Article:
Cabaret at The New Orleans Art Center through Nov. 24
If you haven’t seen Kander & Ebb’s Tony-winning musical Cabaret before (what, not even Liza’s Oscar-winning turn on celluloid?), get yourself over to the Bywater’s New Orleans Art Center on St. Claude for See ‘Em On Stage’s eminently watchable production, officially titled Cabaret (1998 Version), a nod to the Roundabout Theatre Company’s revival that amped up the sexuality and became a long-running Broadway hit.
In its Kit Kat Klub song’n’dance scenes, Director Christopher Bentivegna evokes the sleaziness one can find in a Bourbon Street strip club or, perhaps, the more tourist-oriented tawdriness of, say, Chris Owens’ establishment.
But while you may think you’re in 2019 New Orleans, this is actually 1930 Berlin, teetering on the edge before the you-know-what really hit the fan.
Based on stories by Christopher Isherwood, Cabaret tells of bisexual, wannabe writer Clifford Bradshaw (Isherwood’s stand-in) and his experiences with guys, gals, Nazis and Jews during his stay in the German capital, most notably his involvement with English singer Sally Bowles, a party girl of the highest order whose meager purse can’t support her champagne tastes.
Swanning around the stage with legs that go on forever, Kali Russell perfectly captures Sally’s blithely amoral temperament. She exudes a quirky seductiveness, pushy yet needy. Sally is always a challenge for performers; she’s not supposed to be a top-tier entertainer yet the actress playing her has to belt out some of Broadway’s most iconic numbers.
Russell, who has excelled in comedies, dramas and musicals, makes Sally a bit klutzy on stage, but expertly puts over the songs by locating just the right level of talent for Sally. She also brings out the casual charisma of a gal men find it hard to say “No” to. By the time she gets to the title number, her guts spilling out onto the stage, Russell is properly powerful and pitiable. It well might be the best version of the song Cabaret I’ve ever seen.
Clint Johnson partners Russell well as the Emcee, the role that vaunted Joel Grey and Alan Cumming to star status. A bit pudgy, with shaved head and a gleeful devilishness, Johnson combines a little sugar, a little spice and a little poison, to become a seeming avatar of Nazism. He doesn’t realize, however, that his saucy pansexuality makes him a perfect candidate for the death camps as the Nazis do away with all degenerates.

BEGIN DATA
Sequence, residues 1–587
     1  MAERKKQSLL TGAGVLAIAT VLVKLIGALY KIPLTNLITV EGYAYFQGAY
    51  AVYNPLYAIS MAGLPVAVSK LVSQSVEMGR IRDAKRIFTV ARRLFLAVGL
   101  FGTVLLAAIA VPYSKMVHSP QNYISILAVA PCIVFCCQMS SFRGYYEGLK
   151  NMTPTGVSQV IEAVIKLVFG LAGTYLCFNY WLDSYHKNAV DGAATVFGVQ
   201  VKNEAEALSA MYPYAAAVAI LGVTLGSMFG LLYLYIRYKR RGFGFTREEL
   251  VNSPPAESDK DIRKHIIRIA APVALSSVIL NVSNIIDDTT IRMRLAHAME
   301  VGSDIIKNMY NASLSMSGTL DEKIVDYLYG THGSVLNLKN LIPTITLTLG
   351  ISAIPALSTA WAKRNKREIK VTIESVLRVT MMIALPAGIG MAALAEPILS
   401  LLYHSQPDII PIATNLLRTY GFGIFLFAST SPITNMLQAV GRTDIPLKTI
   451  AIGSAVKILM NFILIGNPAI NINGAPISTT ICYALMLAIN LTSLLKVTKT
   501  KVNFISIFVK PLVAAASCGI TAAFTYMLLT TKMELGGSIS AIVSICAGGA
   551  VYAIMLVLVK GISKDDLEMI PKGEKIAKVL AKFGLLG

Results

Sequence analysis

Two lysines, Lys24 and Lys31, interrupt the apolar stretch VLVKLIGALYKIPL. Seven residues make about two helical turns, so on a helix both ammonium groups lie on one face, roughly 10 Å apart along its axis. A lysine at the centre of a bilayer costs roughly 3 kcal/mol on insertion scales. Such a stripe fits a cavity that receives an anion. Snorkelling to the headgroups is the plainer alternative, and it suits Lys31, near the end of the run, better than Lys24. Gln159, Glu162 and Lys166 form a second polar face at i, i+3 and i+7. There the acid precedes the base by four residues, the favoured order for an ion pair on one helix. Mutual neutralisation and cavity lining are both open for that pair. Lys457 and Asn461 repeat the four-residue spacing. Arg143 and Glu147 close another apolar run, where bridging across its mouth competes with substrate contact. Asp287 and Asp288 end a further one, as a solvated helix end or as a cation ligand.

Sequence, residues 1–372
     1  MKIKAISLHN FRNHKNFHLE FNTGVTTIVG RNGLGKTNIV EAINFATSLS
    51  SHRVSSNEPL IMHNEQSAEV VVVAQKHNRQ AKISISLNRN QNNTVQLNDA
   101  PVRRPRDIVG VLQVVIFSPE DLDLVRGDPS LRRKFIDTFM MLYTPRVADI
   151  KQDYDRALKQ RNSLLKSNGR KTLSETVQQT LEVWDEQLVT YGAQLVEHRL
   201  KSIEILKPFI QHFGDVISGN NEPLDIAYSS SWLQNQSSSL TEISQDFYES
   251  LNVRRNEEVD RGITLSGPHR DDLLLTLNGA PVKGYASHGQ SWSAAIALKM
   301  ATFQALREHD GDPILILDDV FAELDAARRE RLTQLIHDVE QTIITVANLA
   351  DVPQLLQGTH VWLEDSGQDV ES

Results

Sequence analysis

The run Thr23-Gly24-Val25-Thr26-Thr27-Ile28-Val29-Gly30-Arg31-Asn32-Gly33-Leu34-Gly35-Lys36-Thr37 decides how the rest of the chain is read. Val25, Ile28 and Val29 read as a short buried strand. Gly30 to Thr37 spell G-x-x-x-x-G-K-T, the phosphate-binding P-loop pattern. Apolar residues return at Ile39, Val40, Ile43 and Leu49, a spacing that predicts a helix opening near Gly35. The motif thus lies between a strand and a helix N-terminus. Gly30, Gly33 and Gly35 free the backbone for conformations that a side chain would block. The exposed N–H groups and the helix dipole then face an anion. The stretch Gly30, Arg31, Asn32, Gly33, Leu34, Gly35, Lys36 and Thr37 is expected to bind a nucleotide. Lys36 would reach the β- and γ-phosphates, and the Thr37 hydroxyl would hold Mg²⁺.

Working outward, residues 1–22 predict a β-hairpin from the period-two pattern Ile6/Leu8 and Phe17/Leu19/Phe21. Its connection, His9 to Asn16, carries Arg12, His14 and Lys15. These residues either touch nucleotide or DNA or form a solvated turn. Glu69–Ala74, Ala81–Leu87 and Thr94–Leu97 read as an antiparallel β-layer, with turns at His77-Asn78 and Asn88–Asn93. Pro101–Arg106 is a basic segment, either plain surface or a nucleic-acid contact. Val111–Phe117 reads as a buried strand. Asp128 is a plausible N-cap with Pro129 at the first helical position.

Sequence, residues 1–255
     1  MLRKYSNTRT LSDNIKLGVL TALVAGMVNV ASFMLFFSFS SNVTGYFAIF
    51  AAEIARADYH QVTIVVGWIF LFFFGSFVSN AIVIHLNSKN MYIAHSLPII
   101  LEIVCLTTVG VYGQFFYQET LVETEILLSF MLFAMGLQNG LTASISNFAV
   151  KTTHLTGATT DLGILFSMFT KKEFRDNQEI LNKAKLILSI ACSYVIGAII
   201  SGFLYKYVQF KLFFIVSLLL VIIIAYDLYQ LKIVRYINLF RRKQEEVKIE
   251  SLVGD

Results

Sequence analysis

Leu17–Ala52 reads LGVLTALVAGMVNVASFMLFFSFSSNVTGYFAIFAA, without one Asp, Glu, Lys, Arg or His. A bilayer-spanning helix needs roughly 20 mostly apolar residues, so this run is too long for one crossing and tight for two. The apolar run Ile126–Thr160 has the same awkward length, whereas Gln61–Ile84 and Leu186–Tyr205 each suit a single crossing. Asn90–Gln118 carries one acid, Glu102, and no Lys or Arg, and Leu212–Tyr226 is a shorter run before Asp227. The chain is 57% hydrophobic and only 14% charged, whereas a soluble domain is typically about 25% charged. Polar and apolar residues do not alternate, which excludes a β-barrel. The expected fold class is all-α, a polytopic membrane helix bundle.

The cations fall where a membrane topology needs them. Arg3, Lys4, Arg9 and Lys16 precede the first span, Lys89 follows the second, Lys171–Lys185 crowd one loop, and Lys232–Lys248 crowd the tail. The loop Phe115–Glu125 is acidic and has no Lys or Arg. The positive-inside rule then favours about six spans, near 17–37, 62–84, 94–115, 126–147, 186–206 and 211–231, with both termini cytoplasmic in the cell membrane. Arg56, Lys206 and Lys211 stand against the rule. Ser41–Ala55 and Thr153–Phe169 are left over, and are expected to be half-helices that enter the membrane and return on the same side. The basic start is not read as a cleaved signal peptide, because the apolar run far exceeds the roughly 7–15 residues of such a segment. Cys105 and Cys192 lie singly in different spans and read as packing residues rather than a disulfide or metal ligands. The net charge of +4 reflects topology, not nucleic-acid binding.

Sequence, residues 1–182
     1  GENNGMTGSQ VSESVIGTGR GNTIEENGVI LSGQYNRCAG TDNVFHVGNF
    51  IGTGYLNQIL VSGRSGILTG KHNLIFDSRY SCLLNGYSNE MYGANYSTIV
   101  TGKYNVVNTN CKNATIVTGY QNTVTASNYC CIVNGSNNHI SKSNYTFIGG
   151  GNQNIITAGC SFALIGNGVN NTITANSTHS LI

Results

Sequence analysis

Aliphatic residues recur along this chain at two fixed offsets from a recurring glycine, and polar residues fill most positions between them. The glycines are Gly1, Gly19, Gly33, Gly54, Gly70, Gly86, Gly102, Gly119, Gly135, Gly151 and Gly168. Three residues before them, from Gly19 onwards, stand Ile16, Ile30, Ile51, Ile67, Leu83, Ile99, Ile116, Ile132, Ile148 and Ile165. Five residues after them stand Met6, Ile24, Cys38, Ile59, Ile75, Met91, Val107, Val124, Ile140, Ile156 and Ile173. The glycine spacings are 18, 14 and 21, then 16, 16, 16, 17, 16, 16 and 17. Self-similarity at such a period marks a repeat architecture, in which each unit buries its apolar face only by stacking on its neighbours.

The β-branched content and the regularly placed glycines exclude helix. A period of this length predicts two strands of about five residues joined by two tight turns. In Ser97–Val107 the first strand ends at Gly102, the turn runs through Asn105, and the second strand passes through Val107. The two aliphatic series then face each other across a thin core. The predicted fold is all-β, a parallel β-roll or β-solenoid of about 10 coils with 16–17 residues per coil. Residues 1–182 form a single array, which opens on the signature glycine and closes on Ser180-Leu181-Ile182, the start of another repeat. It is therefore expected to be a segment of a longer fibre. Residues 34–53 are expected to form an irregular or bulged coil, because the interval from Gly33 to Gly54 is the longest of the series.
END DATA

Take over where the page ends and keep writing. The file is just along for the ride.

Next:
Margeaux Fanning, as Fräulein Schneider who runs the boardinghouse where Cliff winds up, and Ken Goode, as the Jewish grocer Herr Schultz in love with Schneider and not worried about the emergent Nazis because he was “born a German”, are both excellent and touching as Schneider’s survival instincts trumps and puts an end to their burgeoning romance.
In the rather thankless role of Clifford, Josiah Rogers, with his hangdog eyes, adopts a low key mien, an apt choice for this young man still discovering himself. He and Russell make Clifford and Sally’s final scene together heartbreaking.
The six Kit Kat girls seem genuinely not nice as though they might break into a brawl backstage any minute. Kudos to the actresses for creating such a nasty li’l ensemble and executing Bentivegna & Russell’s choreography, both its wonderful steps and intentional missteps, with aplomb.
Despite the copious amounts of flesh on display, this remains a fairly standard issue Cabaret. This is not necessarily a criticism as it’s entirely well done; maybe I’ve just seen too many productions of it. After all, this is the fourth local one since Katrina, not counting the one that played the Saenger.
Perhaps I just expected more from Bentivegna, a director I admire who gave us an electrifying local premiere of Lizzie and brought new life to The Wiz last year. Despite his best efforts, the first act seems to go on forever, as it always does (the second zips by in under 45 minutes), though its ending, when the Nazi menace first rears its ugly head, certainly gets under your skin. Bentivegna also makes the production’s finale quietly devastating.
The show’s two most memorable moments, however, are unique to it. For the naughty number Two Ladies, Bentivegna has two chorus boys (Chad Gearig-Howe, who also does the fine musical direction, and Daniel Oakley) in semi-drag join the Emcee rather than the usual two gals or even a guy and a gal; it rightly pushes the envelope to show Weimar Berlin at its edgiest.
And having cast an African-American actor as Clifford, Bentivegna’s one acknowledgment of race is when a pregnant Sally questions the paternity of her baby and wonders what he’ll look like; Clifford/Rogers replies as per the script “We’ll know if it’s mine,” while holding up Sally’s hand in his. Point made, beautifully. I just wish there had been more such singular moments.